The most frequent question I get when I say I use twitter is ‘what is twitter, how does it work?’
I usually try and explain it in a way that makes sense but within a few seconds their eyes glaze over, the nodding becomes slower and shallower and I know then that I’ve lost em’.
John Stewart of the Daily Show last week said “For everyone who doesn’t know how twitter works, this is how twitter works….. I have no f*@king idea how it works. I have no idea how twitter works, or why it is” here.
The entire length of an email I recently received from my CEO was: “Rowan, I think we need a twitter page. What’s a twitter page?”
So, in an attempt to try and answer this question for my friends and everyone else out there who may be interested as quickly, simply and easily as possible I’m going to try and tell you how twitter works in just 140 characters. (For the uninitiated, twitter only gives you 140 characters.)Ready? Here goes:
Adam, a mate of mine who manages the twitter profile (amongst other things) for the company where he works says twitter is: “a personalised and branded RSS feed. People and companies put information out there for others to pick up.” *105 characters*
Recently I set up twitter for my website, and at work (currently I’m in the process of rolling out our marketing strategy around it) my CEO now describes twitter as: “Another traffic source for the website” *38 characters*
And I say “It’s about human filtered content. You don’t have to know the person. You follow people and discuss because their content is relevant to you” *140 characters*
Twitter is a communication tool used for many different reasons by many different groups of people. The example that I came up with to explain twitter to friends over breakfast last Sunday is below. Regrettably it is slightly more than 140 characters but they got it after I explained it this way:
In nearly every country there are surgeons working on the human eyeball. But much of the time, unless they’re at a conference they don’t talk to each other. Even if they did all know each other they wouldn’t bother emailing each other everyday to see if there was new information or research results it would be too arduous and time consuming.
Lets assume an Australian surgeon is looking on Google.com.au for new techniques and research about eye surgery. The information uncovered is good, but what if the newest ground-breaking research globally is only published in Portuguese in Brazil?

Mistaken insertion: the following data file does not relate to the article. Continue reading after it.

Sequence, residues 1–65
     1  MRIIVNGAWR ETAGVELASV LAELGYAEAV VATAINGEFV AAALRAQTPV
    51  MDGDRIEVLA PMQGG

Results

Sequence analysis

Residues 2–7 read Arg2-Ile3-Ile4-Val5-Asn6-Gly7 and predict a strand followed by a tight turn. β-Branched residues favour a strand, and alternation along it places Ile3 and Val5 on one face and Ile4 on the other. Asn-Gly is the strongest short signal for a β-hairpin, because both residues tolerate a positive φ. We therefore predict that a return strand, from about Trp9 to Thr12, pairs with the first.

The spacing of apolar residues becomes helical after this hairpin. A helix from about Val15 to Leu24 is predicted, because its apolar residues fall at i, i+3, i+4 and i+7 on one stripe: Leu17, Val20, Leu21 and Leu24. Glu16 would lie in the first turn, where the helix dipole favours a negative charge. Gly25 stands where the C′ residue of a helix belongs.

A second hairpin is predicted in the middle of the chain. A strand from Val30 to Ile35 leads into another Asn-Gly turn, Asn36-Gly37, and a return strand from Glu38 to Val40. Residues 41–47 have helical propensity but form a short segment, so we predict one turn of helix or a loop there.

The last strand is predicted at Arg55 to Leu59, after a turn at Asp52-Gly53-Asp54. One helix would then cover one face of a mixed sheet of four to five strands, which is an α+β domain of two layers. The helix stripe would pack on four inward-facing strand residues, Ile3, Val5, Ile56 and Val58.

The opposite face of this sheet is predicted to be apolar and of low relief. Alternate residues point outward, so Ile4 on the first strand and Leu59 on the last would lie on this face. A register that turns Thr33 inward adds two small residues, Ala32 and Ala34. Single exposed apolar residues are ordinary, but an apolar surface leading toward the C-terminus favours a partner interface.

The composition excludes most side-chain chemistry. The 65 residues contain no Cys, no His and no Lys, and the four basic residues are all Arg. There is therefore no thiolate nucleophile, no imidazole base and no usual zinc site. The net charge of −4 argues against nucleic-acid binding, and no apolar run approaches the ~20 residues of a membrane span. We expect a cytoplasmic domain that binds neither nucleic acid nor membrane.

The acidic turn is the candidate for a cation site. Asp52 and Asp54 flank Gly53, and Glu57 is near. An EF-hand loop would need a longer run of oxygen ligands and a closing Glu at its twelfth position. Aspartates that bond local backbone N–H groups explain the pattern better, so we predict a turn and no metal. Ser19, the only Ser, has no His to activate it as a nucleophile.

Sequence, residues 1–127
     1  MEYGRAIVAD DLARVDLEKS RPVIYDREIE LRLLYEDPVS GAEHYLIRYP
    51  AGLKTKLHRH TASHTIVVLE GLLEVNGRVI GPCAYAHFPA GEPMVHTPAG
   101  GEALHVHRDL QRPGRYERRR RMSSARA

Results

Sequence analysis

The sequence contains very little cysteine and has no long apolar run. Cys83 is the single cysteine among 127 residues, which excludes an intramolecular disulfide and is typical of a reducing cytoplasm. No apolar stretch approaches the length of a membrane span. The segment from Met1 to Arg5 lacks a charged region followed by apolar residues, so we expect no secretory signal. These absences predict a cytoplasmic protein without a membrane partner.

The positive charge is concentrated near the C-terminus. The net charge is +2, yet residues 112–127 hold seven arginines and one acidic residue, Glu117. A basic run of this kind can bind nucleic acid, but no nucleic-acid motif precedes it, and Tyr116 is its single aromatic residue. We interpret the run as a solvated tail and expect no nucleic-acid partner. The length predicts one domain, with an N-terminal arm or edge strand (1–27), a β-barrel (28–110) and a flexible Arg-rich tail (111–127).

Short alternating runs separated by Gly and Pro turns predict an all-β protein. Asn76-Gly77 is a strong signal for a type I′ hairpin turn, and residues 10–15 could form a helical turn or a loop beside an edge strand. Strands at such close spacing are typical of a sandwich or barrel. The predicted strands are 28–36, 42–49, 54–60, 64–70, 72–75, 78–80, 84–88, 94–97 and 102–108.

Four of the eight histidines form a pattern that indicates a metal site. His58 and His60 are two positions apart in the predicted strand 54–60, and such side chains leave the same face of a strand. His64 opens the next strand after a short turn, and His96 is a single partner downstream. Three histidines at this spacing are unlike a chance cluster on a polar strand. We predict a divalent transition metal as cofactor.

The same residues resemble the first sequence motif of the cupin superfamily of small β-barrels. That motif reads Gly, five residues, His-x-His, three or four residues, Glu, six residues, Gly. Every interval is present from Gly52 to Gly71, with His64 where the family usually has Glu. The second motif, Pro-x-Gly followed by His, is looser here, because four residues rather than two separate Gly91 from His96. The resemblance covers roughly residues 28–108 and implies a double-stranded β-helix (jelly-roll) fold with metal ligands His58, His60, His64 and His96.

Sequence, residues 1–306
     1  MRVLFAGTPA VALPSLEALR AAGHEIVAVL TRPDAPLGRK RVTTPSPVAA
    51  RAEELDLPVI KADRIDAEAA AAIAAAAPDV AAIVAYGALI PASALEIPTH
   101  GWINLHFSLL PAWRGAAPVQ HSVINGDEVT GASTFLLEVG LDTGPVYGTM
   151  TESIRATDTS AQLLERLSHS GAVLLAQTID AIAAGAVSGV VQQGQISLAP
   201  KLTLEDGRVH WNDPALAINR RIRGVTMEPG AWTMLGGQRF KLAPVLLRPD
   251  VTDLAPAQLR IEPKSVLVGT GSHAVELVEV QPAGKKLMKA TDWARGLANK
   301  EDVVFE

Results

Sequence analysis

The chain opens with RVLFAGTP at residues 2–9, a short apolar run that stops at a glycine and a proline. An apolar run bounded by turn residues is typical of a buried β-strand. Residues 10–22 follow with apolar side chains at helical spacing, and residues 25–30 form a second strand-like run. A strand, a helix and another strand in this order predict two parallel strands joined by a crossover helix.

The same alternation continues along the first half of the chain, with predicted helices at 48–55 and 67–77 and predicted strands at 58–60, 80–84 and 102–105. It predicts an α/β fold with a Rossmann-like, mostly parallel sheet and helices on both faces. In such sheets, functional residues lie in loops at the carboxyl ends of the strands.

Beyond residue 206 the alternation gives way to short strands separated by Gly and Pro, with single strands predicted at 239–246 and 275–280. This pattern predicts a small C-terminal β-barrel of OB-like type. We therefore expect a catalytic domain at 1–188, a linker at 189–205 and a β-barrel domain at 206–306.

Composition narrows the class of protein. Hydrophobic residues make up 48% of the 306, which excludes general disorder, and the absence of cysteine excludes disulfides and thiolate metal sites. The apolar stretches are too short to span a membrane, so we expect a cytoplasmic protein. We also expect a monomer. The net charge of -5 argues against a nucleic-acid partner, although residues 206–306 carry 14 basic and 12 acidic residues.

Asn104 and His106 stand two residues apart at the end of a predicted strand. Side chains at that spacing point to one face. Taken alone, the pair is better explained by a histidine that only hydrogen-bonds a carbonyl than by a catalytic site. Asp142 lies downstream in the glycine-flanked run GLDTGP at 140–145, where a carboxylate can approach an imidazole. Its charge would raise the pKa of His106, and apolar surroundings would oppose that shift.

Would Google Australia know to pick that up and publish it on the front page? Would the surgeon think to check the Brazilian Google page, let alone every other Google country segmentation, on the off chance of finding the best and latest information available? No, that would be ridiculous, it’d take far too long and most of the time would be fruitless.
But what if a Brazilian surgeon had just read that latest ground-breaking research and thought “wow, I have to get this out to the world now!”. So the Brazilian surgeon then posts the article to their twitter profile i.e. “Latest Brazilian Eye Surgery Research tinyurl.com/12345XYZ”
If the Australian surgeon thought to search twitter in their scouring they would then see the link to the Brazilian article and have the advantage of using a free online translation service such as Google Translate, to read the article.
The Brazilian surgeon is time poor and is only going to bother posting the best article because there is little benefit in wasting his or his colleagues time in posting rubbish. Additionally if his content is rubbish people would be less inclined to come back to him, making his online voice smaller and therefore less effective.
And that there is the beauty of Twitter. It’s human filtered content.
Google and twitter are similar in that information gets posted and ‘ranked higher’ based on relevancy. But with Google it’s automated and done by long, ever-changing, pieces of code that Google determines, whereas Twitter is based on content selected by hand by people.
Where a website might do well on Google search results because their content has been optimised to Google’s SEO specifications, it’s the human reading the article that knows if it’s truly relevant or not. Google’s computed algorithms have a long way to go before they get close to human style filtering.
Twitter’s power will come from the users. They’ll split into microniche’s the likes of which haven’t been seen, and it’s just starting now. *139 characters.